POLITICS OCTOBER 1, 2010
The memory is still enough to give Democrats the shakes: In 2000, George W. Bush won Florida (and thus the presidency) even though 50.5 percent of the state’s votes were cast for Al Gore or Ralph Nader. Bush won, in other words, despite the fact that an outright majority of voters preferred somebody else. In a two-way Bush-Gore race, there is virtually no doubt that Gore would have prevailed: The 100,000 or so votes that Nader received would have gone heavily to Gore, handing him the presidency.
Bush claimed the Sunshine State because, by law, the candidate who gets a plurality of votes there wins, even if no one gets a majority. This is the election norm in most jurisdictions across the country—but it borders on the undemocratic. As in Florida, it can allow a candidate preferred by a majority of voters to lose a race. It also ignores the reality that voters often have opinions of all the candidates running; they have a top pick, sure, but they may also prefer a second candidate to a third.
A solution to this dilemma is what’s known as instant-runoff voting (IRV). Under IRV, voters are able to rank their choices on their ballots (for example, Nader first, Gore second, and Bush third). If no candidate receives a majority of first-place votes, the candidate with the fewest such votes is eliminated. The second-place votes of the people who ranked the eliminated candidate first are then allocated to the remaining candidates. The process repeats until someone gets an outright majority. In other words, all three candidates still could have run in Florida, but Gore, not Bush, would have won the election.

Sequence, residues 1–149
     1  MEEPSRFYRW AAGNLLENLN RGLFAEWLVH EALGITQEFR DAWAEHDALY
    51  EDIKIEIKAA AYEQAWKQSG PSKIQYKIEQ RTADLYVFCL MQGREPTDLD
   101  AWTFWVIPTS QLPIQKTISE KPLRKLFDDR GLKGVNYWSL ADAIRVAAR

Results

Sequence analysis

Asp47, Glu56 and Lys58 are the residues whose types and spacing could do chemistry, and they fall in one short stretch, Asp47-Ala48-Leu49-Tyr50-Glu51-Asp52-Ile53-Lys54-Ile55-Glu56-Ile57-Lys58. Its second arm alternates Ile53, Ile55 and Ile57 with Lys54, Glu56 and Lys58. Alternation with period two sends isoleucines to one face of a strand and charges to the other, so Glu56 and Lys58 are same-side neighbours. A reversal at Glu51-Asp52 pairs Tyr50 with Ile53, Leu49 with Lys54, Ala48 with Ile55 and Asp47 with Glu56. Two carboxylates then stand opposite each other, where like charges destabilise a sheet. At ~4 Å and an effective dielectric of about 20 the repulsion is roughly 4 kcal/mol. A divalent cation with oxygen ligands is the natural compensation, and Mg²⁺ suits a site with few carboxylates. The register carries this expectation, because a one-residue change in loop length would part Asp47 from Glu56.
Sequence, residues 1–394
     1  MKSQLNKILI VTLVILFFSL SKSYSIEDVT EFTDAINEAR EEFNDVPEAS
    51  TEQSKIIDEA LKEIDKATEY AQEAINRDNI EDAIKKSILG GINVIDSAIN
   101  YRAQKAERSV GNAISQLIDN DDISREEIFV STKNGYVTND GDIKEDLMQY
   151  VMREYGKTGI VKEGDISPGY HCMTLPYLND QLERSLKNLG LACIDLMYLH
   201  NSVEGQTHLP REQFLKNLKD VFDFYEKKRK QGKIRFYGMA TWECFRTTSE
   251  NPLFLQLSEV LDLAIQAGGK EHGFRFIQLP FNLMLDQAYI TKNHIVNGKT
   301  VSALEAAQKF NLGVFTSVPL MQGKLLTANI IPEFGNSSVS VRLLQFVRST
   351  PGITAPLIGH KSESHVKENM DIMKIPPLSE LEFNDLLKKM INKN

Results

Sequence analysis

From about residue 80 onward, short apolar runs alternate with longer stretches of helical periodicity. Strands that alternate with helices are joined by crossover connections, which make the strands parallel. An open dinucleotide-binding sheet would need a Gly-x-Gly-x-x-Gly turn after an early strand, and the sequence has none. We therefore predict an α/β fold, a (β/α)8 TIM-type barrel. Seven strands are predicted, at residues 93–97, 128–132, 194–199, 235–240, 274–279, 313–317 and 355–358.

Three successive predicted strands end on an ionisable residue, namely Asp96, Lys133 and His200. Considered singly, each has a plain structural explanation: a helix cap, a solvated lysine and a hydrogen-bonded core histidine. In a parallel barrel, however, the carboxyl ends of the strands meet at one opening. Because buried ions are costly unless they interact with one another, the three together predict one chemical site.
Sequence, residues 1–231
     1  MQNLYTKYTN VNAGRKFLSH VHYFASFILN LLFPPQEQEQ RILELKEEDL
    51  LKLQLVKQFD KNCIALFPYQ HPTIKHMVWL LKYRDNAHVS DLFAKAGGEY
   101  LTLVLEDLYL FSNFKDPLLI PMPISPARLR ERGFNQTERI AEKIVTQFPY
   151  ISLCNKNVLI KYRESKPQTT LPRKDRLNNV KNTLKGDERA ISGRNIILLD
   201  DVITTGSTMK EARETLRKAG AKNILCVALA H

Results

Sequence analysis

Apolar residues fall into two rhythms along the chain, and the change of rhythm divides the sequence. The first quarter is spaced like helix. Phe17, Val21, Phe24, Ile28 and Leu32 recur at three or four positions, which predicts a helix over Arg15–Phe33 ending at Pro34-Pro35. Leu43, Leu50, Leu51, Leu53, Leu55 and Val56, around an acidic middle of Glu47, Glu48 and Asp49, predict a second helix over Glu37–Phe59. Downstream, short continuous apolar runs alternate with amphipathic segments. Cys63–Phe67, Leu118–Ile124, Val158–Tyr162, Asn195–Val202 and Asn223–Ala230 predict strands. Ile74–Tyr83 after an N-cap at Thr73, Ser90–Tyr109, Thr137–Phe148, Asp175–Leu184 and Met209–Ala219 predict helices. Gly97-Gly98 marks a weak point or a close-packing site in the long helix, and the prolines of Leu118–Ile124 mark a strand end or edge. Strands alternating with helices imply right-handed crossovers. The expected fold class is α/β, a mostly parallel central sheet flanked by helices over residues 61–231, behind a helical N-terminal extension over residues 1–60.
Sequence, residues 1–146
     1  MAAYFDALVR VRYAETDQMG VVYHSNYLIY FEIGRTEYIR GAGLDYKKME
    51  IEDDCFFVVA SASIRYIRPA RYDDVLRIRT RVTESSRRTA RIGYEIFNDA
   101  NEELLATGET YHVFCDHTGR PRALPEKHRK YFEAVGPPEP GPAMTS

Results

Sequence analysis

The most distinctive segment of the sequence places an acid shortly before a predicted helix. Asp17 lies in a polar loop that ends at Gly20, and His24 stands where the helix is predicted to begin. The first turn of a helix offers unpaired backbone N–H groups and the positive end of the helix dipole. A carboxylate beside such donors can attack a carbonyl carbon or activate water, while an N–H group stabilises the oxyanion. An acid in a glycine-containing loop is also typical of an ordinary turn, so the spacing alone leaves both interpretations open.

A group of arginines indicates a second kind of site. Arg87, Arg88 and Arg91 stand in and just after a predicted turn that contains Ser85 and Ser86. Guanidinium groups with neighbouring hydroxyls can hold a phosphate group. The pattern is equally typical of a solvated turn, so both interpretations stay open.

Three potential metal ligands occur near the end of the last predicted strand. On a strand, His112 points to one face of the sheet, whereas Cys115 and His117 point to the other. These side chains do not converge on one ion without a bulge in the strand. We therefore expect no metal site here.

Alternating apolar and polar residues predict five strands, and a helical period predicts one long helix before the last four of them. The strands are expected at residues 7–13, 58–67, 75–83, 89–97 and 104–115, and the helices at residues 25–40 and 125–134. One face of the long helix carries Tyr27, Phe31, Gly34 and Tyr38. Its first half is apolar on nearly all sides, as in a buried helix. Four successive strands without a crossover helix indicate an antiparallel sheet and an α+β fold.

But it’s not just the specter of 2000 that makes IRV so appealing. It’s also a fair and straightforward system that could alleviate a number of the problems plaguing U.S. elections.
Ten years ago, IRV didn’t exist anywhere in the United States. In the past decade, though, 16 cities and one state (North Carolina) have embraced it. Two courts, in California and Minnesota, have recently rejected a series of challenges to it. (And abroad, the Brits are planning a May 2011 referendum to decide whether to elect the entire House of Commons using IRV. The Australians and Irish, meanwhile, have had it for the better part of a century.)
Why the recent flare of interest in IRV? The system’s core appeal is that it promotes majority rule. No one can triumph with, say, 25 percent of the vote—as occurred in North Carolina in 2004, prompting its switch to IRV.
But there are more good reasons why IRV would be an improvement over the status quo. For starters, it eliminates third-party “spoilers.” According to recent reports, Republicans have been recruiting homeless people in Arizona to run on the Green Party ticket, hoping to siphon off Democratic votes and propel their own candidates to narrow plurality victories. Such ploys would be pointless under IRV, since the votes of Green Party supporters (who tend to be liberal) would most likely end up being allocated to the Democrats anyway.
IRV would also squash the anxiety many people feel about voting for third-party candidates. In 2000, for instance, Nader’s fans wouldn’t have had to worry that, by voting for their hero, they might land Bush in office. Since their second-place nods would have gone to Gore, they could have voted their conscience and gone to sleep easy. (It’s for precisely this reason that the Liberal Democrats in Britain made a referendum on IRV their price for joining the Tories’ coalition. The Lib Dems don’t want their supporters to keep having to choose between following their hearts and voting for the lesser of two evils.)